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Tropospheric Chemistry

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fig. 1-3:

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Interactions between human activity, atmospheric composition, chemical and physical processes and climate. (Graphics: DLR-IMF, after WMO-IGACO 2004)
 

 

 

Tropospheric Chemistry

Most gases, like greenhouse gases (CO2, CH4, etc.) or pollutants (NO2, CO, etc.) from natural processes and human activities are emitted into the troposphere. The main source of pollutants in the northern hemisphere is fossil fuel combustion (energy for traffic, industry and domestic heating) coupled with some biomass burning. In the southern hemisphere biomass burning is the dominating source of pollutants. Pollutants are emitted within urban and near-urban areas where they are dispersed over the surrounding countryside and, depending on the atmospheric lifetime of the pollutant or its secondary reaction product(s), are transported around the globe.

Tropospheric processes as sketched in figure 1-4 are well known to exhibit strong variability influenced by meteorology, diurnal variations in the sources of the emissions and solar illumination. Photolysis of O3 initiates the production of OH that determines, to a large extent, the oxidative (or cleansing) capacity of the troposphere. The role of the halogen oxides in the boundary layer as oxidants is currently a research matter. Many of the tropospheric trace gases are transformed into acids and other soluble products which are removed from the atmosphere by precipitation or by uptake on aerosols and subsequent dry deposition on surfaces. The atmospheric oxidation efficiency is vital in the control of radiatively and chemically active pollutants. Therefore, any change in the atmospheric oxidation efficiency directly affects the air quality, atmospheric chemical and radiative budgets and global biogeochemical cycles.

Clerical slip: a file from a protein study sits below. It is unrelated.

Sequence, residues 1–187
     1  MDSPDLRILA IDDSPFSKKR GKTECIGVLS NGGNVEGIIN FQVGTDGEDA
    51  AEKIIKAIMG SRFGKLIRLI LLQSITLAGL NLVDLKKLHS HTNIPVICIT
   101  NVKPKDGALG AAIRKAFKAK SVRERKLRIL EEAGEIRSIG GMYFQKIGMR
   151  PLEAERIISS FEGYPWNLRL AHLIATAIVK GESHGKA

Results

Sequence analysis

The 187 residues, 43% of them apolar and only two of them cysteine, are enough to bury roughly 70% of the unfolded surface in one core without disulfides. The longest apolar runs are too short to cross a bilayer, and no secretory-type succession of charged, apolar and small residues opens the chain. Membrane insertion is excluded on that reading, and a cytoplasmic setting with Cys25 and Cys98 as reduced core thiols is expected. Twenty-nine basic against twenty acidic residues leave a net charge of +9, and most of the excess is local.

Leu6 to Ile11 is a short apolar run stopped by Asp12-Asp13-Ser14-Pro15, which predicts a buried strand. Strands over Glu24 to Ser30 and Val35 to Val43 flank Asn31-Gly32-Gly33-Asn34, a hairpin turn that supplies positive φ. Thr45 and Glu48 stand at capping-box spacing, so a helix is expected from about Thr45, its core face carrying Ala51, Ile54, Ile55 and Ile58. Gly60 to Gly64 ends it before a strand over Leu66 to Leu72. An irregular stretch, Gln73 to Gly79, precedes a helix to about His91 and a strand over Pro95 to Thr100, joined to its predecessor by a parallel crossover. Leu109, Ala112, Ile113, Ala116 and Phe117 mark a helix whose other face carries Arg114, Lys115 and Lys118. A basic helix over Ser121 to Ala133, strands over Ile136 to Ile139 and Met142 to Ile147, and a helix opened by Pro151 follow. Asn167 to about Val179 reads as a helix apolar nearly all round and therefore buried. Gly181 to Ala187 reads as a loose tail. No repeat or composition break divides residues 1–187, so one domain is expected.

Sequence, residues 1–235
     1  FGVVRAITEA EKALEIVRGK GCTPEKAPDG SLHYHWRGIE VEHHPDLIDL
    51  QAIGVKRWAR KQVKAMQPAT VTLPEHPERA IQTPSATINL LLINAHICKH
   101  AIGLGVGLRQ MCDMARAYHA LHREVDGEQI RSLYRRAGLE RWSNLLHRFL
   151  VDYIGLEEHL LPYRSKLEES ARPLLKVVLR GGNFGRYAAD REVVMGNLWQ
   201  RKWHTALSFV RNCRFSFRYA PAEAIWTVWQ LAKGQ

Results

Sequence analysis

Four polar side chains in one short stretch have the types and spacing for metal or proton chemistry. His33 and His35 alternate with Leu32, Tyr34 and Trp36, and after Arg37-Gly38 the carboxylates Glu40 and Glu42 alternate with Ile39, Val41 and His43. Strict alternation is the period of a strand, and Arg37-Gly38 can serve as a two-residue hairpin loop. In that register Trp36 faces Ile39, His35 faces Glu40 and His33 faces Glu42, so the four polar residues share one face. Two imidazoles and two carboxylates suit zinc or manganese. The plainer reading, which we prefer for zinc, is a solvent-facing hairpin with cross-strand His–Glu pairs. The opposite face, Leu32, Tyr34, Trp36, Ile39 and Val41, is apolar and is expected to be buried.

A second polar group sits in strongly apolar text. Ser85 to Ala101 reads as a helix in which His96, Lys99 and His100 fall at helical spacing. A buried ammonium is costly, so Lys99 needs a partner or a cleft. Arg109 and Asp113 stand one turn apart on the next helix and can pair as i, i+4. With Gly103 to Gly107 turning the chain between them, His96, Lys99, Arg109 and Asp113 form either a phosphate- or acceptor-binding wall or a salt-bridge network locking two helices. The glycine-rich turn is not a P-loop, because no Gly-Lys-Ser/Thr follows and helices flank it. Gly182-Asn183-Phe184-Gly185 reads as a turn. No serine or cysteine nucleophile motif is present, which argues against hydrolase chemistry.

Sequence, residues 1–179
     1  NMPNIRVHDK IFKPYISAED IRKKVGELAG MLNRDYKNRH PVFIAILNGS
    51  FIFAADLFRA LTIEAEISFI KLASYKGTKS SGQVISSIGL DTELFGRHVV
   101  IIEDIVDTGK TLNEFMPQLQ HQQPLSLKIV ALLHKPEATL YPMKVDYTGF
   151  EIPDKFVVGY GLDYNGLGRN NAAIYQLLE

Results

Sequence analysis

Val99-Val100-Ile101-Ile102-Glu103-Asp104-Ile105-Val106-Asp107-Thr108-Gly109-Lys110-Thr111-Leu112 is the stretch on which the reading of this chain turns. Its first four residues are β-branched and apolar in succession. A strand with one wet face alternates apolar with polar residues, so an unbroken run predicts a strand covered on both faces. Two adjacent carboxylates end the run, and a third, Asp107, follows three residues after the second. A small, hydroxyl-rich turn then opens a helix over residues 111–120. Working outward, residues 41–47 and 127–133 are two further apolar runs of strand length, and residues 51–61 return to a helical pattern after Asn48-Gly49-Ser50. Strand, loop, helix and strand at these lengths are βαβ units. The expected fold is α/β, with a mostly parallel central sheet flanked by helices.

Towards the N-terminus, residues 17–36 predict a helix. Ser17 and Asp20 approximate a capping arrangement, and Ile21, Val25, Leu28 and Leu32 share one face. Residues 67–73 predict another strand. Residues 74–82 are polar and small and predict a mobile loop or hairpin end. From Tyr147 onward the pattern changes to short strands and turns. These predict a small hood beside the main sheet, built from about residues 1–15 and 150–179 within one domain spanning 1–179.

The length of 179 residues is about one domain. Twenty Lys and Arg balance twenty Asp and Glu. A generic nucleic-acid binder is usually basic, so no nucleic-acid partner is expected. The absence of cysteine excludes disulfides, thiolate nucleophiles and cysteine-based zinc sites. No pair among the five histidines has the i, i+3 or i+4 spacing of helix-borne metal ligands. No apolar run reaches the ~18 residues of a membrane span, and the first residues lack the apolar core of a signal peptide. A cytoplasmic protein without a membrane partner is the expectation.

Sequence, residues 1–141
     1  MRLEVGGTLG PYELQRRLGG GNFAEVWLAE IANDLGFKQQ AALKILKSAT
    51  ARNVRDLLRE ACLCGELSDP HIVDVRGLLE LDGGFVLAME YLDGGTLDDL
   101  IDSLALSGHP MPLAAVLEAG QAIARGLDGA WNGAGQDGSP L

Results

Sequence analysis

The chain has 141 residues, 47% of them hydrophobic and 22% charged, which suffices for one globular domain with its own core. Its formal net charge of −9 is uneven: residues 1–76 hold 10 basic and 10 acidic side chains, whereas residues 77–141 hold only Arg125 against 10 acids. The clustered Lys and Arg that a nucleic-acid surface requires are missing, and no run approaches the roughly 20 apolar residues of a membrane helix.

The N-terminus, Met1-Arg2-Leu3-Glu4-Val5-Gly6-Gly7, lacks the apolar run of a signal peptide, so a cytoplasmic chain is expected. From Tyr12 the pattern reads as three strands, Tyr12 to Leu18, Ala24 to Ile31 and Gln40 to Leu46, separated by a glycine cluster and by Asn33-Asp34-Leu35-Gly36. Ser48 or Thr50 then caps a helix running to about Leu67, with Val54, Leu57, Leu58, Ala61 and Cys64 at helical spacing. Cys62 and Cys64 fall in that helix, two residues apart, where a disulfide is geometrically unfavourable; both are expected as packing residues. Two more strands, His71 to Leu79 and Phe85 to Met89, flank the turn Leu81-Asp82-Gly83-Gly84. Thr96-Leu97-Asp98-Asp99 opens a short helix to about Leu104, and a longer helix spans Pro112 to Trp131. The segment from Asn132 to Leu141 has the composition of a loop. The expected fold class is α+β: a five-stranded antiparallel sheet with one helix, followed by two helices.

The lack of information on the temporal and spatial distributions of the relevant species, as well as the source strengths of CO, CH4 and NOx (NO and NO2), severely limits the quantitative understanding of the processes involved in tropospheric ozone production and destruction. This is also a prerequisite for quantitative estimates of the hydroxyl radical distribution and thus of the cleansing power of the atmosphere which is expected to be changing as a result of increasing emissions and resulting concentrations of O3, CH4, NOx and CO. One of the major challenges facing atmospheric science is to assess, understand and quantify the impact on air quality of a changing climate and atmospheric composition. (see fig. 1-4)

 

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